“Where a cell exists, there must have been a preexisting cell.” In this virtual lab, you will examine this very principle proposed by Rudolph Virchow in 1855. The tips of an onion cell are constantly trying to expand further into the soil in their constant search for both water and essential nutrients. The tips of these onion roots are constantly undergoing mitotic division in this effort to expand. You will analyze the tips of an onion root, in order to visually identify the stages of mitosis, as well as to reinforce the timeframe of the cell cycle.
Part 1: Procedure
1.Go to the following site: http://www.biology.arizona.edu/cell_bio/activities/cell_cycle/cell_cycle.html
2.Read page 1 and click “next” at the bottom of the page.
3.Read page 2 and click “next” at the bottom of the page.
4.Read page 3 (I copied the data table for you, it is located in #7) and click “next”.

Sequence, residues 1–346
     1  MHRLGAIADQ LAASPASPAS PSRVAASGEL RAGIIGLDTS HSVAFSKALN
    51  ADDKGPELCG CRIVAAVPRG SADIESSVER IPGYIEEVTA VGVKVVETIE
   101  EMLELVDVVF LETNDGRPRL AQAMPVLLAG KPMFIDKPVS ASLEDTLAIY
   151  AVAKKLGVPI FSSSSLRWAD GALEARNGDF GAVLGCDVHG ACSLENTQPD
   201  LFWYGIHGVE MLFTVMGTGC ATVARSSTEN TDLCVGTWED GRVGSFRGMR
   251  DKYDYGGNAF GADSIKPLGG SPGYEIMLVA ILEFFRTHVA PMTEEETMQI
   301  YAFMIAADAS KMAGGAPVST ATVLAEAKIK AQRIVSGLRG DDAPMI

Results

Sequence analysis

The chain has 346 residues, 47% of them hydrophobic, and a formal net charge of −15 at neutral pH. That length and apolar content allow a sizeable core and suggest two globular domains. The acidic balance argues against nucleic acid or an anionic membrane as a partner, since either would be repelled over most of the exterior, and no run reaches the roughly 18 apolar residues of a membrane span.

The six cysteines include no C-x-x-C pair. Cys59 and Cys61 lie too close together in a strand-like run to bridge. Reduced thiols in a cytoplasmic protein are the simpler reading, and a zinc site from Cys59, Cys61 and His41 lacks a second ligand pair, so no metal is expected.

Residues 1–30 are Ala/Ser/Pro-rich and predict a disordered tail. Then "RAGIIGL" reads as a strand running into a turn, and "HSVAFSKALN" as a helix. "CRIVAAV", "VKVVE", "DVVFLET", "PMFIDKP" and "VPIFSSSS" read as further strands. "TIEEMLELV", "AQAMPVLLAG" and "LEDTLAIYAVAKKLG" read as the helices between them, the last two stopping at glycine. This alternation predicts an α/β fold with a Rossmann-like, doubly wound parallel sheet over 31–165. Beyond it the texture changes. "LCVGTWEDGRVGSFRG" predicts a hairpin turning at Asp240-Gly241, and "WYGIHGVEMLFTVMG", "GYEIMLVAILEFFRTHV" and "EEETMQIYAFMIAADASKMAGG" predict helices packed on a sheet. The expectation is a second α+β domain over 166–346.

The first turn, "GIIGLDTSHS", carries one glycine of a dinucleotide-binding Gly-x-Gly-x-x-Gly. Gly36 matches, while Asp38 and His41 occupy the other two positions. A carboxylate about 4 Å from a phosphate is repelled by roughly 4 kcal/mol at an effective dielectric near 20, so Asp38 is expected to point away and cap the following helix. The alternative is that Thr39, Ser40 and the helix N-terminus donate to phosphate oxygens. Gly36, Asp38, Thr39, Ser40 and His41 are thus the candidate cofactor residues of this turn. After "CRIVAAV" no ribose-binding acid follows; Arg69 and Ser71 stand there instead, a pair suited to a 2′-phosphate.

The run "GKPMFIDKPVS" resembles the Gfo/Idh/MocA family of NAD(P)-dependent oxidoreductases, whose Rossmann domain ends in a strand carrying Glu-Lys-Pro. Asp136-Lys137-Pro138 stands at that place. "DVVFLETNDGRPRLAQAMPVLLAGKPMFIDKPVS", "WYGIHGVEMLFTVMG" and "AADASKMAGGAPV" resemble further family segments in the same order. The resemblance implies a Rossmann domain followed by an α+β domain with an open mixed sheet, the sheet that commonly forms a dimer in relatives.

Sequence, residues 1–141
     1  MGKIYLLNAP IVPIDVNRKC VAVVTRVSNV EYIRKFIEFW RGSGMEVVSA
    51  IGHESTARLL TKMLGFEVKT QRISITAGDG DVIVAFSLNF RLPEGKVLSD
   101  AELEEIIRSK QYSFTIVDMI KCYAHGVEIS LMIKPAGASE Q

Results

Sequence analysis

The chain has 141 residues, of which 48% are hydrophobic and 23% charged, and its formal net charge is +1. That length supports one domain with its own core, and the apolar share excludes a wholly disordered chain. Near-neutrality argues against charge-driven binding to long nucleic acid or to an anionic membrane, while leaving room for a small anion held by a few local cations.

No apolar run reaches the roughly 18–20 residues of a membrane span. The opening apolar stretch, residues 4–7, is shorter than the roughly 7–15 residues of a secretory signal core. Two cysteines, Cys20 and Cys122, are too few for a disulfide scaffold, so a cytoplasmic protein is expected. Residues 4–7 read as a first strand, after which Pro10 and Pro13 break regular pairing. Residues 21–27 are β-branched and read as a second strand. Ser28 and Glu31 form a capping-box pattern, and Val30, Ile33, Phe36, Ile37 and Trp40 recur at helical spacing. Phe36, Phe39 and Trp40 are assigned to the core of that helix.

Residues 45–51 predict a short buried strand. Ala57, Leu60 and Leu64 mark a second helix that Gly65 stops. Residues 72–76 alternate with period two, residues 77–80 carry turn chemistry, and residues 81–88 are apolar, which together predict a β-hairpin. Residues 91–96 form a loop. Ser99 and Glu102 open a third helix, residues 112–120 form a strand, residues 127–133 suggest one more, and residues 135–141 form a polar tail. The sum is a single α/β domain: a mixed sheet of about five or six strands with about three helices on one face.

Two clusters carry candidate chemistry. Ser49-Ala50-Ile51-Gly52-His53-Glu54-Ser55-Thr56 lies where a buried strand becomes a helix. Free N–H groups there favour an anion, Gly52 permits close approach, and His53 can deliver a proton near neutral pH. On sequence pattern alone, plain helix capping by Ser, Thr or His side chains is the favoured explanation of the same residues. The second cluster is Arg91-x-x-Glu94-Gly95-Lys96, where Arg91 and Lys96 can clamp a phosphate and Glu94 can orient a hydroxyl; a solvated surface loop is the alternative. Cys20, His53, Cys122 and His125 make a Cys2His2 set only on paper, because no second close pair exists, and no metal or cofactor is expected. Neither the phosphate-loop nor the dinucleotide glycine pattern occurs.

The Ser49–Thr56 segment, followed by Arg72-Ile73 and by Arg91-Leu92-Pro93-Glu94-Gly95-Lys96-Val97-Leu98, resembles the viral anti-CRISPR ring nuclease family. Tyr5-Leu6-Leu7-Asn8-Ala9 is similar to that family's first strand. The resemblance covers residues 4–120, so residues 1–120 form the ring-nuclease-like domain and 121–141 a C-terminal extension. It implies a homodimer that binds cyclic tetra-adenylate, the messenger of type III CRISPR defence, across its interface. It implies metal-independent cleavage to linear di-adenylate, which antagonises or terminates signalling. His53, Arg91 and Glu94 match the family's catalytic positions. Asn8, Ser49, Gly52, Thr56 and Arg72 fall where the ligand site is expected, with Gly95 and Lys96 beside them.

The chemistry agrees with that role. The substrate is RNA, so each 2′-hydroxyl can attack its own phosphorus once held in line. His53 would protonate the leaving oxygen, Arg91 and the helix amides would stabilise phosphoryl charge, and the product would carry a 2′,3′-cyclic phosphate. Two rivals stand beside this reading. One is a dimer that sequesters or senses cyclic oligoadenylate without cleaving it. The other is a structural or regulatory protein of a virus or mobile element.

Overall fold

6.A new picture will appear in the same location. Choose which phase it is and then click on that phase. Complete this task until you have identified every picture that appears. There may be multiple pictures in each phase.
7.After the last picture, count all of the cells in each individual phase, and enter your findings in the top row of the table. Then, calculate the percentage of cells in each phase, and enter those values on the bottom row of the table.
1.In which phase were most cells observed? Do you agree with your data? Explain.
2.Divide the total number of cells in mitosis by the total number of cells (use the numbers you collected in the data table) to determine the percentage of cells in your sample in mitosis. This number is called the Mitotic Index. Show your calculations below.
3.What did you learn from this lab?